Small Cell Design Guideline Comments

October 4, 2018

Public Space Committee
District Department of Transportation
1100 4th Street SW
Washington, DC 20024

RE: Small Cell Design Guideline Comments

Dear Committee Members:

My name is Mark Buscaino, Executive Director of Casey Trees, a D.C. based non-profit with a mission to Restore, Enhance and Protect the Tree Canopy of the Nation ‘s Capital. We engage in a host of activities, including but not limited to: planting trees, monitoring the gain/loss of tree canopy over time, community advocacy aimed at encouraging more tree-centric development, and helping the District reach its 40 percent tree canopy goal by 2032. We appreciate the opportunity to provide comments on the District’s proposed Small Cell Design Guidelines.

Based on our observations and comments below, we strongly suggest that the committee wait to approve these guidelines until the city completes a full assessment of the potential impacts these cells may have on D.C.’s street trees, and trees located on adjacent private lots.

Section 8.2.3 ofDDOT’s Small Cell Design Guidelines states that this infrastructure will not require “the removal of an existing street tree or prevent the planting of a street tree in the future.” While this statement is undoubtedly well-intended, what we know about street trees tells us that it is quite possible – and even probable – that these cell structures will indeed have a long-lasting detrimental impact on both D.C.’s street trees and trees located on adjacent private lots.

Based on the preliminary information we were able to obtain, it appears as though small cells require a clear line of sight from one to another to ensure clear transmissions. Therefore, even if the cells/structures are initially installed in a manner that avoids tree conflicts, trees do not respect these artificial boundaries and their limbs undoubtedly will need to be pruned and/or removed over time to maintain the sight line. When this occurs, how will the city pay for these additional pruning/removal treatments? Will they be conducted according to professional standards? And what will the long-lasting impacts be, not just to the tree(s) in question, but to the overall tree canopy which the city is working so diligently to increase?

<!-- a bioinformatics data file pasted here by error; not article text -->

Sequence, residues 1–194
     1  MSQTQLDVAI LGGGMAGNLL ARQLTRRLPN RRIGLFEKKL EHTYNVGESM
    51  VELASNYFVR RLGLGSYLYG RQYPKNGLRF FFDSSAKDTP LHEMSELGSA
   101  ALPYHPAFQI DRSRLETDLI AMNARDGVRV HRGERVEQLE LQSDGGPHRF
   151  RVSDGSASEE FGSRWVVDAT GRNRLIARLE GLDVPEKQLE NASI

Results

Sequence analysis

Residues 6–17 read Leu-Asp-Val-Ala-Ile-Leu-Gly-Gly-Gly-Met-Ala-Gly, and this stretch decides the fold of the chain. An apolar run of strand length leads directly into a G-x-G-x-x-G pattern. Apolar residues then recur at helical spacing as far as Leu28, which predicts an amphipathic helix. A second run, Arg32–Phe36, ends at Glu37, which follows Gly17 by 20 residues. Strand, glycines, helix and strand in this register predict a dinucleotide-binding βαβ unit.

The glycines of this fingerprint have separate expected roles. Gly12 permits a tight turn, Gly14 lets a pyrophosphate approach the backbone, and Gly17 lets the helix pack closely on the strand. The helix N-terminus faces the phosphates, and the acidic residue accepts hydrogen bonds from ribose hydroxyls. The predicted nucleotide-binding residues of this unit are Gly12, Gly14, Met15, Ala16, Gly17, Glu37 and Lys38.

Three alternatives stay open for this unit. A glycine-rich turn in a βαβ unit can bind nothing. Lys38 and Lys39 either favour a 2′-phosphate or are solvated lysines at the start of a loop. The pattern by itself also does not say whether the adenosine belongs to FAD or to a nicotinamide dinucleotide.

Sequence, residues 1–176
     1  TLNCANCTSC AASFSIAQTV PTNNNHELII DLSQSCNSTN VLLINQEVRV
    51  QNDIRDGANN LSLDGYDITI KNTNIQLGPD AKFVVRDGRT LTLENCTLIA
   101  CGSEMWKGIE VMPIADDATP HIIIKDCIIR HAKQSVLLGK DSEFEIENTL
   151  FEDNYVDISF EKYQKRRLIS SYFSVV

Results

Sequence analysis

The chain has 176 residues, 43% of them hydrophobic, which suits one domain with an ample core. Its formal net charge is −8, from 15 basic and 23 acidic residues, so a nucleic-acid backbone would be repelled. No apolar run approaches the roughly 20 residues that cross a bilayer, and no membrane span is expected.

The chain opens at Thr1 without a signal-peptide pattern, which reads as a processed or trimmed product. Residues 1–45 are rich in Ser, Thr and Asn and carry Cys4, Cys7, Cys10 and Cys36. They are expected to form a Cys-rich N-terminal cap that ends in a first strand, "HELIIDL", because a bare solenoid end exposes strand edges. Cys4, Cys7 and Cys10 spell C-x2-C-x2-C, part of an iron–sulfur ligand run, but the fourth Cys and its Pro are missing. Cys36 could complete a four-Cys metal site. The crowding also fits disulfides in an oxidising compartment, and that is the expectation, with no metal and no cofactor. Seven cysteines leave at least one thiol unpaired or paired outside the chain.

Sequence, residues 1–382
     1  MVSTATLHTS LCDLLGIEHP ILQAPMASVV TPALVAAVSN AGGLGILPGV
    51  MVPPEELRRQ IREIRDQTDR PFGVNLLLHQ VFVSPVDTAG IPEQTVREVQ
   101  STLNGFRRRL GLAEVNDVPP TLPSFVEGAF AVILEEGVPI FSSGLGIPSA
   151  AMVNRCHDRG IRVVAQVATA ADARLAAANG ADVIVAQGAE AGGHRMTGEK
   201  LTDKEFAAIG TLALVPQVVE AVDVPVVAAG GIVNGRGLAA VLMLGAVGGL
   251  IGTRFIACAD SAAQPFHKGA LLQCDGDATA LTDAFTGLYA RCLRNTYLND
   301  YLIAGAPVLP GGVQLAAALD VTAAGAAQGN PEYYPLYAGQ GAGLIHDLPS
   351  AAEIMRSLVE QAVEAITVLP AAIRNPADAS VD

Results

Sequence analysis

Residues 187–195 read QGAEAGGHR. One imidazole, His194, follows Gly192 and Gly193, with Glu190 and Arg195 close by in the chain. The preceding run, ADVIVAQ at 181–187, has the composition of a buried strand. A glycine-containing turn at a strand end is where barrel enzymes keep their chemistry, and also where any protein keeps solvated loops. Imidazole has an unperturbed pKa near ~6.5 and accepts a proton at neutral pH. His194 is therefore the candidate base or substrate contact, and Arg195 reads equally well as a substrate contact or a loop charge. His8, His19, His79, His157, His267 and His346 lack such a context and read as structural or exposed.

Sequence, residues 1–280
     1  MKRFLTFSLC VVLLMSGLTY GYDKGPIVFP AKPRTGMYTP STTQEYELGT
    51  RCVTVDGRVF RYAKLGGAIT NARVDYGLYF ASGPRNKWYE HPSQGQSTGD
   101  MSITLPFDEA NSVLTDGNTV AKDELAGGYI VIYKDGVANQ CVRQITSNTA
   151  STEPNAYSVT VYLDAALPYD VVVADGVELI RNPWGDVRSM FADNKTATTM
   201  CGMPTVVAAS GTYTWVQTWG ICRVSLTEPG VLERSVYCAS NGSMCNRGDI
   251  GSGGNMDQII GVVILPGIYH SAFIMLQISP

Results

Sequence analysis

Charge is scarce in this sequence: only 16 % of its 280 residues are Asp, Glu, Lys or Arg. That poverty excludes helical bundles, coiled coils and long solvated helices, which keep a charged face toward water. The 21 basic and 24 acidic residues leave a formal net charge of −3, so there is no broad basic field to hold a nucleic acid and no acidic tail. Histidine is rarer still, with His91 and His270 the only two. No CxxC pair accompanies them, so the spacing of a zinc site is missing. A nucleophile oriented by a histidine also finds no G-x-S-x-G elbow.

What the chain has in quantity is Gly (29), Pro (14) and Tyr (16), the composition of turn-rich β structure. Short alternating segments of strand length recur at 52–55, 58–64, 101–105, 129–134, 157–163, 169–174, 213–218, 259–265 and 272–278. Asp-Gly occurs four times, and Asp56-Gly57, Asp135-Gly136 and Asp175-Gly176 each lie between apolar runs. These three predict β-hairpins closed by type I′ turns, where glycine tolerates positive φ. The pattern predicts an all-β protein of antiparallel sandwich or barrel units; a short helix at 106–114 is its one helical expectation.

In closing, strong considerations must be given to the potential impacts of these structures on both street trees and adjacent private property trees, in addition to determining who will conduct long­term maintenance of trees in/around these cells and what costs will be incurred. Further, we feel it imperative that a greater public voice be sought on the potential impacts of these structures, given the strong affinity that the public holds towards D.C. ‘s street trees.

Thank you for the opportunity to comment. Please call should you wish to discuss.


Mark Buscaino
Executive Director

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